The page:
No official universal definitions for the many terms of housing exist. For example, a list of the types of affordable housing might include: Workforce Housing, Attainable Housing, Low-Income Housing, Market-rate Housing, Supportive Housing, Transitional Housing, etc.
Currently LPEF’s focus is on, Affordable Workforce housing. A term that can refer to any form of housing including ownership of single or multi-family homes, as well as occupation of rental units. In addition, “Affordable Housing is a residence which requires no more than 30% of the household’s annual income to pay for total housing costs, including maintenance, utilities, etc., or a residence which can be purchased for three times the household’s annual income, or less.”
Definitions of Housing
In 2016, the Leelanau Peninsula Economic Foundation (LPEF) conducted a survey of over 132 businesses in the county to determine their constraints to doing business. The number one barrier, or 72% of the 132 respondents said, lack of workforce housing is their biggest barrier to doing business in the county.
In 2014, a Target Market Analysis for Leelanau County prepared by Networks Northwest analyzed the supply and demand for housing in the county. The report, under a conservative scenario, showed the need for 46 owner-occupied units and 88 renter-occupied units in the county for a total of 134 units for one year. Note: This report is three years old, which means today there is a need for 402 units.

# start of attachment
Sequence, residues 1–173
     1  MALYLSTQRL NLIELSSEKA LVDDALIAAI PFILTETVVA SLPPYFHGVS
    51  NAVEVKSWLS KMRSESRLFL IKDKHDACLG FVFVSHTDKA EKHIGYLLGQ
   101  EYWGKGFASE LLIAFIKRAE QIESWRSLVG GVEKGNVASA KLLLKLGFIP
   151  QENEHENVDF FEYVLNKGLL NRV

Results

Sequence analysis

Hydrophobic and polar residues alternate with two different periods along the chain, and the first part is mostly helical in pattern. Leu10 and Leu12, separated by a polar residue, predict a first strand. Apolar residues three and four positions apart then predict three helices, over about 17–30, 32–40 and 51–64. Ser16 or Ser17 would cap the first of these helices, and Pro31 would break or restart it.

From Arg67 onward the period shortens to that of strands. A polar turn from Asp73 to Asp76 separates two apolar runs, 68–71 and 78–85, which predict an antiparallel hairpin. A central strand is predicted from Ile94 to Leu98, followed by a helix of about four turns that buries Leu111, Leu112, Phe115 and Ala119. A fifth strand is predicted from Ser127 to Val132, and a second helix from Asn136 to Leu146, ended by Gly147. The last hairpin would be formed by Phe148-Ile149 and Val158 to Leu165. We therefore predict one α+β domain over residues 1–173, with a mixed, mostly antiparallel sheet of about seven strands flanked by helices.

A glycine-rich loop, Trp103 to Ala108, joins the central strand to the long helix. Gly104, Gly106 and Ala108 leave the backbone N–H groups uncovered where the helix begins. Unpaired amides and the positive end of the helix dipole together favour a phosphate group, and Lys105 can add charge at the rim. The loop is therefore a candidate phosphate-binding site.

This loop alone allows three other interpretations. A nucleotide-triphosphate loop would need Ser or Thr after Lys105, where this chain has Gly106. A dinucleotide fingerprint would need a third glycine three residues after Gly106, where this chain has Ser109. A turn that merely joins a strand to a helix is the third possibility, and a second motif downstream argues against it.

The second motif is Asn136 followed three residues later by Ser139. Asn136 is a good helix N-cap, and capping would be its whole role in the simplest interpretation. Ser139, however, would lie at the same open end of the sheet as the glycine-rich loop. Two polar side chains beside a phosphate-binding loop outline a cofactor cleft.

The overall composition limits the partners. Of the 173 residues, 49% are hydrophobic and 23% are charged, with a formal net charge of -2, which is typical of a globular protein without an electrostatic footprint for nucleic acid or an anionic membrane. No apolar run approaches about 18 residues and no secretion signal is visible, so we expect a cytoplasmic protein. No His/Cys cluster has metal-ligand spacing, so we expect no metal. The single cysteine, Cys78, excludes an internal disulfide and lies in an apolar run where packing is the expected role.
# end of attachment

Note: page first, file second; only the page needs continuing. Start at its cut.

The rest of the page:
These recent and historical studies and surveys have identified a shortage of housing options in the county as negatively impacting seasonal and year around employees and businesses.
Record tourist seasons of 2016 and 2017 caused the county to experience the worst shortage of available workforce housing in decades. Businesses pointed to the lack of affordable work force housing as the major contributor to the shortage.
Bottom line, if we don’t have affordable workforce housing, we don’t have an adequate workforce. If we don’t have and adequate workforce, we don’t have a stable economy.
The Leelanau County Board of Commissioners with broad community support, recognizing the need for solutions to the county’s housing problem, voted to establish a Housing Committee under the Planning Commission. As such, a representative from the LPEF sits on this committee. He is actively involved in the committee, which is now called the Housing Action Committee (HAC), and brings the results of the committee to the LPEF Board to discuss and help promote HAC goals.
HAC is actively pursuing an Action Plan for Housing Ready Communities. The goal of the plan is to put in place a program that assists Leelanau County’s villages and townships in order to develop affordable work force housing plans and policies. Results of the LPEF business survey were published in local newspapers and Board members of LPEF went back to their respective local Chambers of Commerce, and Village and Township Boards to present and discuss these findings.